The Committee on House Administration is holding a hearing on Capitol Hill Tuesday to address what many staffers say is an environment where sexual harassment is swept under the rug.
According to Rep. Jackie Speier (D-CA), Congress has not lived up to the standard the Americans who elected them expect. It is "the worst."
“The Congress of the United States should be the one work environment where people are treated with respect, where there isn’t a hostile work environment,” said Representative Jackie Speier, Democrat of California, who will testify on Tuesday about her efforts to deal with harassment in the Capitol. “And frankly, it’s just the opposite. It’s probably among the worst.”
The New York Times editors say they found plenty of proof to corroborate her story. They found several accusers who describe their uncomfortable encounters on the hill, and how they were afraid to report their crimes.
In more than 50 interviews, lawyers, lobbyists and former aides told The New York Times that sexual harassment has long been an occupational hazard for those operating in Washington politics, and victims on Capitol Hill are forced to go through far more burdensome avenues to seek redress than their counterparts in the private sector.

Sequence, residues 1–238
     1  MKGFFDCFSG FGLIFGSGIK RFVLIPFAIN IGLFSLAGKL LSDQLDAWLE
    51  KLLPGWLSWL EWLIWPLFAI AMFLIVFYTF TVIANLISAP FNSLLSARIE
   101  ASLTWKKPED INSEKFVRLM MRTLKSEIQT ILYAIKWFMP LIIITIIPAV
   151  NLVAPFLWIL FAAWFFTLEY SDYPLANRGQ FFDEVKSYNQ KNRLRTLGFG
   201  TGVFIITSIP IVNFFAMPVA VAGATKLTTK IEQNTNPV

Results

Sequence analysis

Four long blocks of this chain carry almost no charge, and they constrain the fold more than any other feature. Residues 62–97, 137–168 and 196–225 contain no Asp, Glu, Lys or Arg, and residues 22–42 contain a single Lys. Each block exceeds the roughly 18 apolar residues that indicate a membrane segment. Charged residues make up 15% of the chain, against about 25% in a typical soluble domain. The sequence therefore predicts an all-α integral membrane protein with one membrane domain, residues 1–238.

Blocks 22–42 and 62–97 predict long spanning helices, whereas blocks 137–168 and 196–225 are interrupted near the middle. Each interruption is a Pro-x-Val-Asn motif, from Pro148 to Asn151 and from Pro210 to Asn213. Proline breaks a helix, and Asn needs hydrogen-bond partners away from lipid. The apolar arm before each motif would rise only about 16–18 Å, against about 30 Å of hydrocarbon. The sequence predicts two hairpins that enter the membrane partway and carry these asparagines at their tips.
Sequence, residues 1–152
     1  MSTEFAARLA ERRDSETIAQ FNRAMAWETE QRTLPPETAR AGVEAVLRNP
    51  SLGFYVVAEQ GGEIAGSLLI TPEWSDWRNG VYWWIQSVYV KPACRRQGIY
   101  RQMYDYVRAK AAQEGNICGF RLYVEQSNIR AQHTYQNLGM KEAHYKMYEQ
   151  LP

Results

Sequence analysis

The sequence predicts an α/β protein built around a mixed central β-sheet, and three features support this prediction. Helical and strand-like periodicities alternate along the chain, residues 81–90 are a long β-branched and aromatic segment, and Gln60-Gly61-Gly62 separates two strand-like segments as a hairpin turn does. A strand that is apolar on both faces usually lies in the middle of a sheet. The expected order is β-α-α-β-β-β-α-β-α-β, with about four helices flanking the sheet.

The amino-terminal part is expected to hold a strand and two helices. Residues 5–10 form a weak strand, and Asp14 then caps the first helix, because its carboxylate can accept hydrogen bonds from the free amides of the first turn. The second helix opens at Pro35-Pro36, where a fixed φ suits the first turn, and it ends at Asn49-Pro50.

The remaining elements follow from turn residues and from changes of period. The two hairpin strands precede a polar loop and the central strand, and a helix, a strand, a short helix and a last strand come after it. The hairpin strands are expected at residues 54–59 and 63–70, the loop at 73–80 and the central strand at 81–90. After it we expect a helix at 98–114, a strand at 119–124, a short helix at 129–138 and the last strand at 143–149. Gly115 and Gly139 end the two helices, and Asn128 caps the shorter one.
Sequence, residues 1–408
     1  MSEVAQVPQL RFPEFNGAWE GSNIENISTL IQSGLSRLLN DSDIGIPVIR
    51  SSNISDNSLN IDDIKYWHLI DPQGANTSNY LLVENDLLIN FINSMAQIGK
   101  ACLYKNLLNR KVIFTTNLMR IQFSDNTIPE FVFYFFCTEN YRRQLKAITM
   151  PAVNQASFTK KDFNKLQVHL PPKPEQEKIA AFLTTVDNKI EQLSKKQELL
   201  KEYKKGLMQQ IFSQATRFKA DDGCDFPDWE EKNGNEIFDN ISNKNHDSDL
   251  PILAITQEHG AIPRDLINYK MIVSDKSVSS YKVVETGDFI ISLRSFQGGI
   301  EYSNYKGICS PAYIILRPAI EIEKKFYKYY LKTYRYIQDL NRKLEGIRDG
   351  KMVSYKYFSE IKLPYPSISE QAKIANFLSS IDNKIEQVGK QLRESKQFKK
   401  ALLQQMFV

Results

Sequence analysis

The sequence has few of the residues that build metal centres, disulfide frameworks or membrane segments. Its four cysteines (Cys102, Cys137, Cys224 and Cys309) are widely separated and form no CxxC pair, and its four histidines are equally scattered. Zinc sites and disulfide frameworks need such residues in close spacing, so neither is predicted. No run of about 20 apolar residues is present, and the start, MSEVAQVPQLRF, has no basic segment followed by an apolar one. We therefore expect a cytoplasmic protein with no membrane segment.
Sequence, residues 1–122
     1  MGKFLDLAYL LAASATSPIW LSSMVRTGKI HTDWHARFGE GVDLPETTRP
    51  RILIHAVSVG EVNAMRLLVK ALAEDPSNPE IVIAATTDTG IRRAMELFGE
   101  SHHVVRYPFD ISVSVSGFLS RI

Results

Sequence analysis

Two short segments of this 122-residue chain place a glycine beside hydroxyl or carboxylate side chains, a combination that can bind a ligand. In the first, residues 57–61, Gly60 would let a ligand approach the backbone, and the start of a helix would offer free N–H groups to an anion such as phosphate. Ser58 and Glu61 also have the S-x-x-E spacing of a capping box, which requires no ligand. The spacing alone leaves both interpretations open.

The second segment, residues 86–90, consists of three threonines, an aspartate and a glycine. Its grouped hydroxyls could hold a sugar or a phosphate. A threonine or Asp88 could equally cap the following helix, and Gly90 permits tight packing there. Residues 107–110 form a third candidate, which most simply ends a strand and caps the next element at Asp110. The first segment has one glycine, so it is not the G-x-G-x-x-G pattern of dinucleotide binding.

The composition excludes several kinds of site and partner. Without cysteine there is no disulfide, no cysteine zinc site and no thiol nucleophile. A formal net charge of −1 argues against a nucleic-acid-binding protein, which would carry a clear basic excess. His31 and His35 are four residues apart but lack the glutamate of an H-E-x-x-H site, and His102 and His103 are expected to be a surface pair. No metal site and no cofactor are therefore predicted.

The piece goes on to detail the testimony of a few accusers. One female lobbyist describes how a House member tried to put his lips on her in the produce aisle at a Capitol Hill grocery store. A staffer for Rep. Gary Miller, (R-CA) says he made her "twirl" in his office after complimenting her looks. M. Reese Everson, a fellow at the Congressional Black Caucus Foundation, says one member of Congress flirted with her.
As in Hollywood, many of the victims did not come forward with their stories for fear of how it would affect their careers.
In the wake of these allegations, legislation has been introduced to implement mandatory sexual harassment training and to strengthen the Office of Compliance.
While Capitol Hill deals with reports about it being a "hostile workplace," Hollywood is still reeling from the Harvey Weinstein headlines. That initial bombshell has emboldened other victims to come forward and share horror stories about Kevin Spacey and Louis C.K.
In Alabama, Republican candidate for Senate Roy Moore is pushing back at reports that he sexually abused a minor when he was in his 30s. Several Republicans, including Senate Majority Leader Mitch McConnell, have asked him to step aside.